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Spokane, Washington  Est. May 19, 1883
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Then and Now: Bodie Block

The Bodie Block, now called the 1889 Building, is one of the oldest in Downtown Spokane, having been erected right after the 1889 great fire that leveled downtown Spokane.

Image one Image two
Image One Northwest Room | Spokane Public Library
Image Two Jesse Tinsley | The Spokesman-Review

Then and Now: Bodie Block

The Bodie Block at the corner of Stevens Street and Main Avenue bears the legend 1889 on its front and began construction almost immediately after the Aug. 4, 1889, great fire that leveled most of downtown Spokane.

Behind the three-story, 9,000-square-foot project were Antone Traut, his son-in-law Eugene Chamberlain and investor Richard T. Daniel. Like most buildings of that era, the upper floors were hotel rooms or apartments and the ground floor was retail space.

The front of the building bears the legend “1889,” though the building didn’t appear in listings or advertisements until early 1890.

Antone Traut was born in Sondheim, Germany, in 1835 and immigrated to the United States at the age of 18. He served in the Civil War then mined for gold in Helena, Montana, and California. He arrived in Spokane in 1884 at the age of 49.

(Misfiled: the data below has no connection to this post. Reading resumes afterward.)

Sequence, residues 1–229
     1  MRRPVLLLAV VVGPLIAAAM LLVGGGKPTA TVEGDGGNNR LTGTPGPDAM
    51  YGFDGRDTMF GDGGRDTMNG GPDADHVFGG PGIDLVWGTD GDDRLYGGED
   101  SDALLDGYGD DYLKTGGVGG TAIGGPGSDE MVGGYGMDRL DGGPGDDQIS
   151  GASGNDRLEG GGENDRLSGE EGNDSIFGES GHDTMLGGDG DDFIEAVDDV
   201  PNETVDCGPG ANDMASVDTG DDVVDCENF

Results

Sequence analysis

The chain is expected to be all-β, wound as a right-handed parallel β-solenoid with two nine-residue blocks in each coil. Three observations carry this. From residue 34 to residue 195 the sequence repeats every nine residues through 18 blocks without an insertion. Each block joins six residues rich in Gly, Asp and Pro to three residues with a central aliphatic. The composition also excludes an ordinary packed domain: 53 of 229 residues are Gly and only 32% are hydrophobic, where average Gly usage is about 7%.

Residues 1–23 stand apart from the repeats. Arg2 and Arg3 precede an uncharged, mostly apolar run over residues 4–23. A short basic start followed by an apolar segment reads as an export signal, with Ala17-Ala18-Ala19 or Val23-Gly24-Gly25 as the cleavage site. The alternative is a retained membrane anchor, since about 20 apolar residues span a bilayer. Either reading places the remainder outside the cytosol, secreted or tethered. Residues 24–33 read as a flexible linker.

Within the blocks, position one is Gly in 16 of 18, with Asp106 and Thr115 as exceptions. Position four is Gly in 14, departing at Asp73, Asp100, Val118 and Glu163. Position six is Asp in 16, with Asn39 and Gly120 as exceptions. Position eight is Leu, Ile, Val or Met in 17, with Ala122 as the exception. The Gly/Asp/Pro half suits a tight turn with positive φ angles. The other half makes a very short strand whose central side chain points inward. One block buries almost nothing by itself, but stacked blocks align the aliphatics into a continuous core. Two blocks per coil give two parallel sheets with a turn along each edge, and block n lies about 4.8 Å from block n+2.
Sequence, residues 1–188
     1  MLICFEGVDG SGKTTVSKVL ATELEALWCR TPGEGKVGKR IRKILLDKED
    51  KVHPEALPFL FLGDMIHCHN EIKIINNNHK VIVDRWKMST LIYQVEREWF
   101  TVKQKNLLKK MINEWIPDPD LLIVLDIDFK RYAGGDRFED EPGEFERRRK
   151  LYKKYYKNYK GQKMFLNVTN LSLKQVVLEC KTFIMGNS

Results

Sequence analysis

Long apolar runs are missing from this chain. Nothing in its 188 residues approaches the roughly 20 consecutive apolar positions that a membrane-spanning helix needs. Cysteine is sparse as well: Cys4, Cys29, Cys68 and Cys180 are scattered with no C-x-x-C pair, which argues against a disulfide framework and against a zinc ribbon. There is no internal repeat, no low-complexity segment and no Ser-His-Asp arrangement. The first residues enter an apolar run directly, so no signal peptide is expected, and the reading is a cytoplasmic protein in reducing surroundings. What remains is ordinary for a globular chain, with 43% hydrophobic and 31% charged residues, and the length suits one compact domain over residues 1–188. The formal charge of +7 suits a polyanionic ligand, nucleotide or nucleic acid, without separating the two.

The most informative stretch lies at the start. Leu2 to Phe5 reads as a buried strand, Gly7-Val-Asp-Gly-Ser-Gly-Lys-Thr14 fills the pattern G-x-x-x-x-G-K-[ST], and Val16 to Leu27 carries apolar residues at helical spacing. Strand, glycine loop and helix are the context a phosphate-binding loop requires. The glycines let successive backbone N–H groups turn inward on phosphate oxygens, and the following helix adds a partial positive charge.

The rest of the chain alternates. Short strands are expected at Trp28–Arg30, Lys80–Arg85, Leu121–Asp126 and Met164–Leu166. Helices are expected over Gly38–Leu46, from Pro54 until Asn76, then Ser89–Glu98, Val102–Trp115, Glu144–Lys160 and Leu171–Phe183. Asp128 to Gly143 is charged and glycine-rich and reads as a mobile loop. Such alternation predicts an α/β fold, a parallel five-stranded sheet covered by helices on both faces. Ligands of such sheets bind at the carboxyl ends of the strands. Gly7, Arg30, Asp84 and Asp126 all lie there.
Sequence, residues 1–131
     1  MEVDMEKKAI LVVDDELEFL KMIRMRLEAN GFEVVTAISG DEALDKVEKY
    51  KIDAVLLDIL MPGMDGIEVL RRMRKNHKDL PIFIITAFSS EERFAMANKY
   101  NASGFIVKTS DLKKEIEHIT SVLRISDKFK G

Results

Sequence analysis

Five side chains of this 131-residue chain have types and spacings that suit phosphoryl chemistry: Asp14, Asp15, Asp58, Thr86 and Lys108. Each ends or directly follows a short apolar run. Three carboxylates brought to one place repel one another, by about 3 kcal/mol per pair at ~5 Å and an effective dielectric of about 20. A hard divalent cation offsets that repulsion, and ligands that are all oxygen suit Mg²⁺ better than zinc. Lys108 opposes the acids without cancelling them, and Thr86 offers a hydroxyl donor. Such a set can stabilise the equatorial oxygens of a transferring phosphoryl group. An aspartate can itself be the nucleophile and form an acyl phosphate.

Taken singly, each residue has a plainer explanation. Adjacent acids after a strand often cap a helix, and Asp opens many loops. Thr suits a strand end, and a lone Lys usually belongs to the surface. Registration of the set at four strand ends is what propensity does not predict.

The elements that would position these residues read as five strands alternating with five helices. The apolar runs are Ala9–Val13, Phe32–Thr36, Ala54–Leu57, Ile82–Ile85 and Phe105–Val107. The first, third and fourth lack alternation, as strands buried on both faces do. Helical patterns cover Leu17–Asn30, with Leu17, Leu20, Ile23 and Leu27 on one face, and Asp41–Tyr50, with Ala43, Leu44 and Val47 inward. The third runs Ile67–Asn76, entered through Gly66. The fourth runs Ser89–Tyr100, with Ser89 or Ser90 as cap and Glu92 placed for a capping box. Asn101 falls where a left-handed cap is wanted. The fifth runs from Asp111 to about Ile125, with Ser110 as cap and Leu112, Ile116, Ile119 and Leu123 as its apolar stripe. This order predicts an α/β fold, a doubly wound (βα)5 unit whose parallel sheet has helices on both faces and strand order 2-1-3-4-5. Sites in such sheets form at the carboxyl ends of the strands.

He started a shoe business with his son-in-law, who was a shoe and boot maker.

Traut died in 1906 and his heirs sold the building in 1920 to Mark Soss.

According to his 1963 obituary, Soss arrived in Spokane around 1900 with “a knapsack on his back and a quarter in his pocket.” The family lore says that he used the quarter to buy the spare key for a basement rental that he turned into a small loan business and built from there. A Spokane Chronicle article in 1919 observed that there were at least four, perhaps five, pawn shops on Main Avenue operated by Soss family members.

The name “Mark Soss Block” was on the building’s face, and a pawnshop was still operated inside when Old National Bank took over in 1971. It also held the optometry practice of Louis J. Soss, Mark’s son.

In 1973, C.J. Pounder Jr. and his wife, Colleen, bought the aged structure and began a thorough renovation. The updated building, now with a modernized first-story facade, was designed to be first-class office space for their tenant, Safeco Title Insurance. It reopened in 1974 and was renamed the 1889 Building.

“We think we’ve accomplished a faithful job of restoration,” said Pounder, owner of Pounder’s Jewelry. Today, the building is owned by Wilson Commercial Properties of Yakima.

The 1889 Building is one of only 10 still in existence out of 150 that were built right after the fire.

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